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Human-Robot Interaction Lab Sønderborg

Declarative Questions: More Examples

So your mother tongue is Norwegian/Danish/Swedish?

In this section, we compare the questions from the overview section (Overview: Intonation in different question types) to the same questions spoken by a speaker of the same language but with a different variety.


The Jutland Danish question in (48) has a rather linear tonal height throughout the utterance. This is a typical way of pronouncing declarative questions in Danish. In contrast, the Copenhagen speakers all use an alternative pattern: the first two accents are at the same tone height, but the last one the last word, the accented word DANSK (“Danish”), ends in a low tone, as can be heard in the utterance in (48-1). This makes the declination through the whole utterance rather a falling one (for declination, see Tonal movements with functions concerning the whole utterance).

(48)       Jutland Danish

(48-1)   Copenhagen Danish


The two Southeast Norwegian speakers did not formulate their questions as declarative questions. Instead, one of them formulated a question-word question (So what is…) and the other one a yes/no question (So would you say that…). Only the two South Norwegian speakers used declarative questions. In (49), the South Norwegian declarative question from the overview of question types is repeated. It contains three accent groups. In (49-1), the other South Norwegian declarative question is presented. It is rather monotone and the accent melodies are therefore not that easy to make out. There is a small one accent 1 melody in the accent group MORSmålet dit æ and a big accent 1 melody on the last accent group NORSK (“Norwegian”); however, there are so few voiced speech sounds in NORSK that it is hard to hear the rising accent melody in this word.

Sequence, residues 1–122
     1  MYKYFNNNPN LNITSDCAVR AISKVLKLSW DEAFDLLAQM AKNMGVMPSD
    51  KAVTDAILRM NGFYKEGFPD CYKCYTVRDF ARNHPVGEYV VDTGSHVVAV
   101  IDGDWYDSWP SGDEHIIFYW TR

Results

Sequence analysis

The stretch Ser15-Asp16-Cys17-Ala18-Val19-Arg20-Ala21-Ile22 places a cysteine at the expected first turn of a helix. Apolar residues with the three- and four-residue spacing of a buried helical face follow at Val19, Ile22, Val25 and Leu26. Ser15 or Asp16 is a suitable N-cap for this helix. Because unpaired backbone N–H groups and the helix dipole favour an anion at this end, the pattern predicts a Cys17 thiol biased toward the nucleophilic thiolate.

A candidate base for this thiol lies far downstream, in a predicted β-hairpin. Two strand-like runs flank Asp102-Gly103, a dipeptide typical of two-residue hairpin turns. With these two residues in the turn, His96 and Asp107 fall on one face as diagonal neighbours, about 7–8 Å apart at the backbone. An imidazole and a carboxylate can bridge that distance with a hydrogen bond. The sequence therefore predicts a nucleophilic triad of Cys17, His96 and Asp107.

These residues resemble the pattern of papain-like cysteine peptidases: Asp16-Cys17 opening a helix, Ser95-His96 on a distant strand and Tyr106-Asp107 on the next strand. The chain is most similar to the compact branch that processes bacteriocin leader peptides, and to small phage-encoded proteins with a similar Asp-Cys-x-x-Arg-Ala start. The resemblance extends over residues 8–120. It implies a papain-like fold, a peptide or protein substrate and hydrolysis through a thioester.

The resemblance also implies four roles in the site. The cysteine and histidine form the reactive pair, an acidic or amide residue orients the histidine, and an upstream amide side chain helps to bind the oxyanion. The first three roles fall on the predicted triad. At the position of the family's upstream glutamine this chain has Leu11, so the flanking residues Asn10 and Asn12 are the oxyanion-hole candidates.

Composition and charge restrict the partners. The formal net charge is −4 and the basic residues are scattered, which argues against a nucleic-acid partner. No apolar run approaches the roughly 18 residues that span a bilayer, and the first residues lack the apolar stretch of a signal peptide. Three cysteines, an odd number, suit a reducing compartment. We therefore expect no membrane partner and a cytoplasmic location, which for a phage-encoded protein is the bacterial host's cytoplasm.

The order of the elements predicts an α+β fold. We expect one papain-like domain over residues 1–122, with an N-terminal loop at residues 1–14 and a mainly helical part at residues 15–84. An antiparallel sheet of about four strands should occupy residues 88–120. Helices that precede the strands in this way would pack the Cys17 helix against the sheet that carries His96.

(49)       South Norwegian

(49-1)   South Norwegian


The Scania Swedish speaker in (50) distributes prominence in a neutral way, having one accent on MOdersmål and one on SVENska.

The Central Swedish speaker in (50-1) doubles the number of accents by pronouncing a small accent (or primary stress) on the personal pronoun DITT and then another one on the verb E (“is”). There is not much tonal movement on DITT and E, but you can hear the difference compared to the completely unstressed words in the Scania Swedish utterance in (50). The accent on E has the effect of sounding emphatic, like the speaker is assuring that “it is really the case that…”. Putting emphasis on a verb has this effect on the interpretation Scandinavian, German, English and probably more languages utterances.

Both MOdersmål and SVENska are accent 2 words, but only SVENska has a big accent, i.e. it is signaled as conveying the most important information. The big accent 2 melody on SVENska in Central Swedish is easily recognizable by the high tone at the end of the word: SVEN-ska (see Accents: Important information and very important information) After the second high accent melody tone, the tone stays high in this utterance. Since Central Swedish utterances according to the literature always have an end-of-utterance tonal gesture, this indicates that the speaker is using a high end-of-utterance tone. However, this is obviously not an obligatory requirement for declarative questions, as can be heard by the low end-of-utterance tone in the Scania Swedish utterance in (50) (in addition, also the other Scania Swedish speaker uses a low end-of-intonation tone in his declarative question).

(50)       Scania Swedish

(50-1)   Central Swedish

Last Updated 09.02.2023